Sunday, November 30, 2008


I wish that the title of this blog referred to a CIA activity. Instead it refers to the creepy, crawly six to eight legged creatures that will probably survive on this planet long after humans.

Not if Bill has anything to do with it though! He’s on a personal mission every night to kill every bug in the cabin. His weapon of choice – the vacuum that we purchased at Golfito.

Bill's new de-bugging job

Saturday, November 29, 2008

Happy Thanksgiving

I pulled another bone-headed move on Thanksgiving that leads me to believe that I’m too stupid to live in this country. We were driving home from San Jose. It’s a four-hour drive from heck that Bill hates because it’s so dangerous and stressful. There is no ‘delay of five vehicles law’ here. If you get stuck behind a truck going 20 miles per hour on the windy two-lane mountain highway, you’re simply out of luck. You have two choices. You can accept your fate and travel in a fast-as-snails caravan with who knows how many cars in front of you. Or you can tempt your fate by passing each car in front of you on the curvy road. Bill is not a snail, thus our harrowing and stressful drive.

I’m getting to the bone-headed part. We stopped at a grocery store about an hour from home. Bill waited in the car while I ran in and got stuff for a Thanksgiving party that we going to. Shopping here is not exactly as easily or orderly as in the US. You have to remember several things in order for the whole process to run smoothly. 1) Check in your bag. Each store has a bag check counter at its entrance. If you’re carrying a large bag or backpack, you give it to the bag checker and he gives you a numbered tag. I did that. After shopping as you leave the store, you redeem your tag and get your bag back. 2) If you buy produce, you have to have it weighed and priced in the produce area by the produce person. First hand experience has taught me that if you don’t do this, the Tico behind you in the checkout line is going to give you dirty looks. They must be thinking,"Dumb Gringo. You need to know the system." You’ll hold up the whole checkout process while they take your produce back to the produce department to weigh and price it. I did that. My potatoes were ready at check out.

It was only an hour later, within a half a kilometer from the property that I discovered my bag tag in my pocket. Oops! My mistake. Bill had had enough driving for the day, so I’m back in the car alone for another two hours just to pick up my backpack.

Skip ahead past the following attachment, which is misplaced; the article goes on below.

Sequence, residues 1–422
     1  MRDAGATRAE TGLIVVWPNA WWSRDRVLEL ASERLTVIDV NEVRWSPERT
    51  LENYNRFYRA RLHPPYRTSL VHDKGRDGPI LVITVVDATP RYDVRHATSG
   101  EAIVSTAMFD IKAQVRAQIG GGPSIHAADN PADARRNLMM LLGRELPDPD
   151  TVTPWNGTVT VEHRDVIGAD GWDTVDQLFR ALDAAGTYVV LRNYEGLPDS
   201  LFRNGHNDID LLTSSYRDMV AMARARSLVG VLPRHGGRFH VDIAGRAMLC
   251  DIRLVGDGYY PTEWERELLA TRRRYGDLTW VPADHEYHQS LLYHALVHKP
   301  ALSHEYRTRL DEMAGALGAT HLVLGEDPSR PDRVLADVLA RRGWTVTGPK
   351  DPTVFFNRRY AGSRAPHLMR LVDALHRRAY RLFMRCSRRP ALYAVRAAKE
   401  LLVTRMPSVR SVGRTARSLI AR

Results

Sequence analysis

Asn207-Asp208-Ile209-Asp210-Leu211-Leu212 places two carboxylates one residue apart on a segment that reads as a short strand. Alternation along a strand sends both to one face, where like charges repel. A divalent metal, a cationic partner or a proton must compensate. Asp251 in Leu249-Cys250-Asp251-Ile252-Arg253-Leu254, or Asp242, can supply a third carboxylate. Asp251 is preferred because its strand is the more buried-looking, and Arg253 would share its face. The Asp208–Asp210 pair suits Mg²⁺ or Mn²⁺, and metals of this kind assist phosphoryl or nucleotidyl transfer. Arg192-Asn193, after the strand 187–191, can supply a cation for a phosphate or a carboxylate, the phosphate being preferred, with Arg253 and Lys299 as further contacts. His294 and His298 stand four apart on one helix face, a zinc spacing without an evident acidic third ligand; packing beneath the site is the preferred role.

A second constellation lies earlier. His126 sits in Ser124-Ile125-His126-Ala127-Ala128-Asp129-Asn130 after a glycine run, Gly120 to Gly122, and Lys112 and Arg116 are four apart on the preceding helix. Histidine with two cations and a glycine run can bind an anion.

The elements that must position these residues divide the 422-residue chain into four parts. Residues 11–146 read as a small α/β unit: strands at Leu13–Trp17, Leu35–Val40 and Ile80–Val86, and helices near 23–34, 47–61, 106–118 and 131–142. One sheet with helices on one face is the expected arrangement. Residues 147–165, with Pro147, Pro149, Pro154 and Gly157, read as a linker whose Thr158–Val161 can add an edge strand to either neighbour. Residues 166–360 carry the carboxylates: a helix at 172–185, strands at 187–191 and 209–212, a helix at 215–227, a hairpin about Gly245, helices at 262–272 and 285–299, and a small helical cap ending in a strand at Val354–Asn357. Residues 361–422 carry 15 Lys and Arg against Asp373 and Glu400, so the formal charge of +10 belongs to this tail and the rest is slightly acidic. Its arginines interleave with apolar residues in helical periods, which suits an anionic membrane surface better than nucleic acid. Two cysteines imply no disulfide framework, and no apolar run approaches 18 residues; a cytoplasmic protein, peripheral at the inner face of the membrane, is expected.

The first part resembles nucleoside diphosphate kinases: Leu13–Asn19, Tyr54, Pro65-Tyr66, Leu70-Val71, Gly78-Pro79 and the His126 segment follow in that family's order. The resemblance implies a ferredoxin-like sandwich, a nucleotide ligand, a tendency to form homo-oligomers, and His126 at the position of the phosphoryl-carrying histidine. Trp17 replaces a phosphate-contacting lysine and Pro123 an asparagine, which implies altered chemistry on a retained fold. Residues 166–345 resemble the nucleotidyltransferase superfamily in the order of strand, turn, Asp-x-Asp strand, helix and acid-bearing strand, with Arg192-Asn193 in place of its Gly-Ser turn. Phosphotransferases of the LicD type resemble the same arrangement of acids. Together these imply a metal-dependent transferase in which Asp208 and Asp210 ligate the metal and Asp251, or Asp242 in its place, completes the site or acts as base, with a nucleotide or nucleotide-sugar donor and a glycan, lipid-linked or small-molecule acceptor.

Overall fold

To spite my extra driving, we made it to Thanksgiving dinner and had a wonderful time with our neighbors. They know how to throw a party. In the eclectic style of the region, fall decorations glowed in the tropical sunshine. In case you’re wondering, Thanksgiving is a Gringo thing. Turkey isn’t readily available, so we made due with roasted chicken at our feast. There were Ticos at this party who thought the stuffing, bean casserole, quiche and pumpkin pie were very strange. We just thought it delicious.

We miss the friends and family not with us. You are in our thoughts and we hope that you had a Happy Thanksgiving.

Monday, November 24, 2008

Jumper Cables & Coat Hangers

Something happened when I came to Costa Rica. I discovered that I left my brain behind in the states. It’s not a good thing to do because you always meet more challenges here than in the U.S., at least the Gringa part of me is. The Tica part of me has yet to find herself. It’s a learning process.

Three incidents cause me to believe that my brain goes on vacation down here without me.

Incident 1 – Out of Gas

Bill was working at home and I was driving home from San Isdiro after picking up the car from the shop and running a few errands. San Isdiro is 45 minutes away, up and down the mountain in between. Driving home, just over the top of the mountain, the dummy lights in the car came on. I was out of gas in a gas-hogging car about 30 kilometers from home. Although I had thought of checking the gas right before I picked up the car, I forgot once I had picked it up. Now, after dark, I was on a curvy and treacherous two-lane road with no gas stations between me and home. I frantically called Bill and wanted to blame the whole thing on everything but me. He says, "Sorry, there is nothing I can do for you, honey. There is no way that you’ll make it home without gas. Stop somewhere, ask around and try and find some place to get a few gallons of gas."

I’m frickin’ terrified. I’m at a roadside restaurant, a lone female patron, surrounded by men just starting to come into the bar for an evening of cervezas (beers). Luckily, there was one beautiful Tica barmaid. I asked her where I could get gas. No problem, she said, 1 kilometer down the road at the first little roadside store or pulperia they sell gas.

Sure enough, although it’s not advertised and you’d never know it unless you asked, this hole-in-the-wall grocery store sells gas by the hand-filled gallon jug from behind the counter. I bought 5 gallons. The proprietress and her pre-adolescent son poured the gas into the tank with a homemade Coca-Cola bottle funnel and hose. I was on my way home in a jiffy.

Only to have the car over heat on the gravel road up to the property …but that leads to the next story…